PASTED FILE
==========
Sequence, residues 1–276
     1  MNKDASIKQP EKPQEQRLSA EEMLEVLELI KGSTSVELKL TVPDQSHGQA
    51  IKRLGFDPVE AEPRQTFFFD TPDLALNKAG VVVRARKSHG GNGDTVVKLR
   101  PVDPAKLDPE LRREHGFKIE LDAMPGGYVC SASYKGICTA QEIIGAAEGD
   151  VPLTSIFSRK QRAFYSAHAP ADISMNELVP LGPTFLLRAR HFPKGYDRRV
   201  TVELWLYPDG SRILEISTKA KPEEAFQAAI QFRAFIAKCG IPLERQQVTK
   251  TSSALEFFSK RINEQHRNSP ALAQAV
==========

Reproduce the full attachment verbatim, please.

Sequence, residues 1–276
     1  MNKDASIKQP EKPQEQRLSA EEMLEVLELI KGSTSVELKL TVPDQSHGQA
    51  IKRLGFDPVE AEPRQTFFFD TPDLALNKAG VVVRARKSHG GNGDTVVKLR
   101  PVDPAKLDPE LRREHGFKIE LDAMPGGYVC SASYKGICTA QEIIGAAEGD
   151  VPLTSIFSRK QRAFYSAHAP ADISMNELVP LGPTFLLRAR HFPKGYDRRV
   201  TVELWLYPDG SRILEISTKA KPEEAFQAAI QFRAFIAKCG IPLERQQVTK
   251  TSSALEFFSK RINEQHRNSP ALAQAV